Blog Post

Around The World DSL Speeds (& Prices) Go Up

DSL Speeds and prices around the world went up 4.7% and 9.3% during the first quarter of 2008, according to Point Topic, a consulting firm that tracks broadband tariffs around the planet. The average price for a residential DSL connection at the end of Q1 2008 was $61.36 a month, while the speed was 6.52 Mbps. The Business DSL connections cost $227 a month for a speed of 4.13 Mbps.

The big change came as a result of big boosts provides by Latin American carriers, who boosted residential speeds by 36% to 2.74 Mbps. Telecom Argentina and Telefonica del Peru were two carriers that boosted speeds. In comparison, the prices for FTTx and cable tariffs have not changed much.

Average entry level broadband service tariff (PPP rates)

9 Responses to “Around The World DSL Speeds (& Prices) Go Up”

  1. One day I get up and read “Broadband spreading everywhere, People are Internet Literate Now!”.
    And once again the DSL rates go up making it difficult for many to connect with decent speeds. Is this really going to help the lower class connect to Internet?

  2. @ Flavio

    Greetings. I have been tracking speed increases in your country for a while. Now the gradual increases in Brazil are factored into the database, however, some of the other countries have really boosted their speeds – going from poset-broadband to what is acceptable. I think that is why I mentioned those two companies in specific. Meanwhile, you can been our Brazil broadband “man on the street” and let us know what is going on there.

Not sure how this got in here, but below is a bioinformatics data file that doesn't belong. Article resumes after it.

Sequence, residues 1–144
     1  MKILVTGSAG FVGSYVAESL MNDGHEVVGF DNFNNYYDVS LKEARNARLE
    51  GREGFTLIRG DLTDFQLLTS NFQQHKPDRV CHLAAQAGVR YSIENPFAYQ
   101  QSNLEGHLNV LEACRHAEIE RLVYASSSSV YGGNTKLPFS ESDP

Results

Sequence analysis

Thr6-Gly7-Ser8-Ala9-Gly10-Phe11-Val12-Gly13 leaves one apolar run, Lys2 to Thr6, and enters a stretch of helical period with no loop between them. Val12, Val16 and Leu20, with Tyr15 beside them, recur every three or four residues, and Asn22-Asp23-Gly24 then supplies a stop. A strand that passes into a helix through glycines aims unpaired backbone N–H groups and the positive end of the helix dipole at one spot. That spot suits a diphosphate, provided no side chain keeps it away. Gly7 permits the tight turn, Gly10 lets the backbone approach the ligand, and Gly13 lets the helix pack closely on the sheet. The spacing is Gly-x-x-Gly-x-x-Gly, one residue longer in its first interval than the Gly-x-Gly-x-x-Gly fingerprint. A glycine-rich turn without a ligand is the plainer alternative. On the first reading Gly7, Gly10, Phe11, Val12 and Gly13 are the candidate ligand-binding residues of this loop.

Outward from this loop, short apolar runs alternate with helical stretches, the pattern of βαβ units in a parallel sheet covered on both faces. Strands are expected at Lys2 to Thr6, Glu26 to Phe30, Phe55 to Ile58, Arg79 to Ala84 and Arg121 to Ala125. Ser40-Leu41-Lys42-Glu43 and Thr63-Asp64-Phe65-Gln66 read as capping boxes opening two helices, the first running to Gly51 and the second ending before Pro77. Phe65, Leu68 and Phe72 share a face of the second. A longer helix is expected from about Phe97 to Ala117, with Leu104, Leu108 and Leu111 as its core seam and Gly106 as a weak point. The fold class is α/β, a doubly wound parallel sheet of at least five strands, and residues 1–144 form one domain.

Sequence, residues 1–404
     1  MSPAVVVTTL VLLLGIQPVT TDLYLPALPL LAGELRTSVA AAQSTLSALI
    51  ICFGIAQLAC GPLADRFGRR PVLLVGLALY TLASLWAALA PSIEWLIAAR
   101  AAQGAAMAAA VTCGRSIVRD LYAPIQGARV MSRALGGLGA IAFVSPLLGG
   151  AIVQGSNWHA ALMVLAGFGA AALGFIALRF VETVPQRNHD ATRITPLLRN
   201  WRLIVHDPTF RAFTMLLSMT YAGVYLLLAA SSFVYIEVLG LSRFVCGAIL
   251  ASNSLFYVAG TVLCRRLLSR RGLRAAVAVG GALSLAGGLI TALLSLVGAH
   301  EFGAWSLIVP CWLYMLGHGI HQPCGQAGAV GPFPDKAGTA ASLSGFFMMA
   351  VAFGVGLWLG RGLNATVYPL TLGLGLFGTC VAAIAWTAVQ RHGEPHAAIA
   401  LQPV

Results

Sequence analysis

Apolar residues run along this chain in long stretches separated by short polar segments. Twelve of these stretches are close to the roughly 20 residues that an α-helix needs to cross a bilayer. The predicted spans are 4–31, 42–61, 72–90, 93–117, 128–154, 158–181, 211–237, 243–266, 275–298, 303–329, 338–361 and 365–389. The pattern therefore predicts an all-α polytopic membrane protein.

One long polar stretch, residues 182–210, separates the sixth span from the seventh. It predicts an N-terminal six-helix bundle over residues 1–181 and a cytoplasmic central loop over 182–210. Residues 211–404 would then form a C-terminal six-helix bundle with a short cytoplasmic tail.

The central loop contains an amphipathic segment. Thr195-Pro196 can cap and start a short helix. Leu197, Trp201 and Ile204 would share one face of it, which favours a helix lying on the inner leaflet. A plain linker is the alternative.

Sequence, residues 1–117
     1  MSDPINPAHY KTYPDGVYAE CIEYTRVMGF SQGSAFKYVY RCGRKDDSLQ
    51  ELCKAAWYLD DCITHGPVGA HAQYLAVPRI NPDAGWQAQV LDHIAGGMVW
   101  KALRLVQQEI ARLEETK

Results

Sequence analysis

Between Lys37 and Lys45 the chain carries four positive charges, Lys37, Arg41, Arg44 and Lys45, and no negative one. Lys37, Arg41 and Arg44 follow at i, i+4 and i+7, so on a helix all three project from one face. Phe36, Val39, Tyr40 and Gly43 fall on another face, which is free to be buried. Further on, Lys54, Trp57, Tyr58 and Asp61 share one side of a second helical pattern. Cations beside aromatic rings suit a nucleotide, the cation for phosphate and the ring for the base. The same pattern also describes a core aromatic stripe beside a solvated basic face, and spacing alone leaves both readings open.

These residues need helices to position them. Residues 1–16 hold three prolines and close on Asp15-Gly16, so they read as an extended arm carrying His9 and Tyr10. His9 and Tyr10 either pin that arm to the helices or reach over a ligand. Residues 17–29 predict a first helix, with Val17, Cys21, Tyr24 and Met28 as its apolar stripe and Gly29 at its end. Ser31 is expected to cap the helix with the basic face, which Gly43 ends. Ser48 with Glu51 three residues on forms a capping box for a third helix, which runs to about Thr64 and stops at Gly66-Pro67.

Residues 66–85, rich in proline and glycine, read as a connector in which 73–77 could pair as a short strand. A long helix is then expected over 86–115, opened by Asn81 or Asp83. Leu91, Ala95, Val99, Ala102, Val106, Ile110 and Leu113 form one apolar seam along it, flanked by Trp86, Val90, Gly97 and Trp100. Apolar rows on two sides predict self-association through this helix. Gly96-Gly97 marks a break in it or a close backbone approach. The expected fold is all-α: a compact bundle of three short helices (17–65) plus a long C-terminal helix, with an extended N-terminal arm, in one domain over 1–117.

Looking forward to staying in touch

  3. Flavio Silva

    Hey Om.

    Telefonica, in Brazil, has also been boosting speeds from time to time. I’m getting 30 mbps via a VDSL service recently launched in Sao Paulo. With the HDSPA mobile access taking off and being offered as an alternative to residential access, it seems that competition will force more speed increments in the following months.

    We need to point out that, different from US, Cable has almost no penetration in Brazil, leaving wireless in all its flavors as the only alternative to DSL.

    The great challenge down here is to bring this broadband to lower classes that are getting computers as crazy (three digits growth last two years) and need to hook them to the internet for a reasonable price. I still see lots of people getting computers for US$ 400 that still need to go to internet cafes to check their e-mails or browse Orkut because they simple can’t afford US$ 50 a month for the entry level 256 kbps broadband.

    Flavio – Sao Paulo – Brazil